“You see what happens when people throw at him?” said quarterback Matt Nichols. “He had two picks tonight (the first in the first half) and the second was huge. We got a touchdown off the first one, too.

“He’s a playmaker. He’s a team leader out here. That’s an unbelievable play.”

“We were in a cut coverage defence where I’m able to play a little more aggressive on routes,” added Randle when asked what he saw on the OT interception. “I had two sit-down routes, one on the outside and one on the inside, and I just had a read on the quarterback and I jumped it. It was a timely play. I was able to be there for my teammates and I’m happy we came out with the win.

“It’s the resiliency of this team, the mindset of this team… at no point in time on the sideline did we think we were going to lose the game. It all comes from the head coach, the leaders and all the players all over this team.”

Nichols finished the night 26 of 38 for 227 yards with three TDs – a pair to Denmark, the third to Julian Feoli-Gudino – while being intercepted once as the Bombers finished with 367 yards net offence.

Montreal cranked out 422 yards, but also had four turnovers – the two Randle interceptions, a Durant fumble and turnover on downs on a botched fake punt.

“Huge win,” said Nichols. “It’s our fourth time with us finishing on the last play of the game with points to win. Coach O’Shea talked about it in the locker room after the game: it’s the confidence this team has. We knew we were going to find a way to win.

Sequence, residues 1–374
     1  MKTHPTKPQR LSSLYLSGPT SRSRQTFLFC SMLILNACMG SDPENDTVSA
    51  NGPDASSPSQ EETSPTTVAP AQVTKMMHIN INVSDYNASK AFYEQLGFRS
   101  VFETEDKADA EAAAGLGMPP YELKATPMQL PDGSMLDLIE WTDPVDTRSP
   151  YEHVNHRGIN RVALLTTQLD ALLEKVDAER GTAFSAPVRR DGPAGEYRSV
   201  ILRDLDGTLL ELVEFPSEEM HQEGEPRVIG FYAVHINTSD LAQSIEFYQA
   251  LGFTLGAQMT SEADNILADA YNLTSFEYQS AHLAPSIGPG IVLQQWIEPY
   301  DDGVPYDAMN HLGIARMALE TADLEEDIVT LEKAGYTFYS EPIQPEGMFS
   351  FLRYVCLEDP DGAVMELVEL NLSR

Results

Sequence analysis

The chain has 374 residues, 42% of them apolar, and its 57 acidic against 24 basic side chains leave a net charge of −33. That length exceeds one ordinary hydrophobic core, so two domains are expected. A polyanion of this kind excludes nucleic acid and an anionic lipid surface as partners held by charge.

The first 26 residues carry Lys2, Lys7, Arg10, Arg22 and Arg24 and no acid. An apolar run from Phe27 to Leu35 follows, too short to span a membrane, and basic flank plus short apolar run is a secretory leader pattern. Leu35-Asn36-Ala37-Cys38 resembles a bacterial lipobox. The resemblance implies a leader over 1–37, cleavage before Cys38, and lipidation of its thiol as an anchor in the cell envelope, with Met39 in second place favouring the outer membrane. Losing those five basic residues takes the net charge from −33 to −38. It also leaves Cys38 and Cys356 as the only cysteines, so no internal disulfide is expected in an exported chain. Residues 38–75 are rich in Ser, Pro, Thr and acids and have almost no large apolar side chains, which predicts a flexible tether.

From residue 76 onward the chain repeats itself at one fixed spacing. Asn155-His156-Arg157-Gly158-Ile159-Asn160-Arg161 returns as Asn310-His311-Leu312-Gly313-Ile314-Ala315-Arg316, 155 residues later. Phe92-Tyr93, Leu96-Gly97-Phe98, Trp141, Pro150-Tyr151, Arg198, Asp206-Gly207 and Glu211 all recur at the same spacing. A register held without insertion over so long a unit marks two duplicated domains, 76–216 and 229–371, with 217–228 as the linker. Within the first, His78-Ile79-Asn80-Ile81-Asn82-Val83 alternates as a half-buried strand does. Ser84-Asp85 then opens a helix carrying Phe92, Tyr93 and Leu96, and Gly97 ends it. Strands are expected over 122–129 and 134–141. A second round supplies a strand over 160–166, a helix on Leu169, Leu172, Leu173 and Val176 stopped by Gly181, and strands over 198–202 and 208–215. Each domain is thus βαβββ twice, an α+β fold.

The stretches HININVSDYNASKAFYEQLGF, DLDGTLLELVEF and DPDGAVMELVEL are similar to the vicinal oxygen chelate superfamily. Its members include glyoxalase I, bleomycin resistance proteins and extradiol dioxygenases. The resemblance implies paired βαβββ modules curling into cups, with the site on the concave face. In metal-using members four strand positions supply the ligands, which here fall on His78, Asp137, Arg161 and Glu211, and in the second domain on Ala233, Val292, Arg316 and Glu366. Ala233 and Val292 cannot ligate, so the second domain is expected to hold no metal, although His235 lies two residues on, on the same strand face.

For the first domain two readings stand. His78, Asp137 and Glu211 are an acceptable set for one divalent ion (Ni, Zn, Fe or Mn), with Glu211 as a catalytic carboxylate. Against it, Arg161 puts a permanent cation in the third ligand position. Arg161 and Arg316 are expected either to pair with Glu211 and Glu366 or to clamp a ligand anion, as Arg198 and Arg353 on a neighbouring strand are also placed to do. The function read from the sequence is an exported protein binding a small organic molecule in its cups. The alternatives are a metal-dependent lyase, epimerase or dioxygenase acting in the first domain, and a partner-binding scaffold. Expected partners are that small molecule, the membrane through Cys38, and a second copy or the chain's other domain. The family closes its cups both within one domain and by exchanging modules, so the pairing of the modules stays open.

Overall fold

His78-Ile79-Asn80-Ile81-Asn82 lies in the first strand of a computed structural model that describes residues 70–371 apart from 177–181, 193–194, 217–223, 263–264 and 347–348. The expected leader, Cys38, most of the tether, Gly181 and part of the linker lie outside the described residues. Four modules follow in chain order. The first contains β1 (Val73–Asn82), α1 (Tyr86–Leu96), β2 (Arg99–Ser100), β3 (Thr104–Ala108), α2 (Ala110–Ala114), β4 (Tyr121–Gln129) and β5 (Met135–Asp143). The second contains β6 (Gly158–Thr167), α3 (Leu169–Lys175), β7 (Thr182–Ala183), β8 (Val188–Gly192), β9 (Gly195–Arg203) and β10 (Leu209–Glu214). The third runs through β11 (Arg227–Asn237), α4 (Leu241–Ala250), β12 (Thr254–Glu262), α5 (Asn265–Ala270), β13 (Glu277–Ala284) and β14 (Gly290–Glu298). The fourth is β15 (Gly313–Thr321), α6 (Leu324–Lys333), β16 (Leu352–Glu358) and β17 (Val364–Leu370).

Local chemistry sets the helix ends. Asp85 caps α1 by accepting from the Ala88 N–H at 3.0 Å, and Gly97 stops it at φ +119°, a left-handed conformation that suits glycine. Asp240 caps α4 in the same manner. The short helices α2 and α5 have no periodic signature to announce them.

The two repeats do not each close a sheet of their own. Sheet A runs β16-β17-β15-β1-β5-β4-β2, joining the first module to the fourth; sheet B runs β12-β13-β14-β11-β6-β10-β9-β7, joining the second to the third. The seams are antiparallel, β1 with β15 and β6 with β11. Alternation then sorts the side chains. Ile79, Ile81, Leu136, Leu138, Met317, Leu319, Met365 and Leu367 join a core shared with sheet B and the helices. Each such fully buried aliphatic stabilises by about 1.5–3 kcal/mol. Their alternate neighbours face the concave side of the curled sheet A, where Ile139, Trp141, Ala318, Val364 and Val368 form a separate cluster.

“Your attitude is a deadly thing in this league and this team feels like we’re going to win every time we step on the field and guys stepped up and made plays in all phases.

“We’re a team that can play with anyone. We’re excited about where we are right now, but we understand that it’s only the halfway point and there’s a lot of football left to be played and a lot of records can flip flop and teams can go different directions.

“We get a couple of days rest here and then we know we’ve got a couple fistfights with Saskatchewan.”



4: Turnovers forced by the Bombers, two Chris Randle interceptions, a turnover on downs and the recovery of a Darian Durant fumble by Moe Leggett after he sacked the Alouettes quarterback. The last one – Randle’s pick in OT – set up the winning points.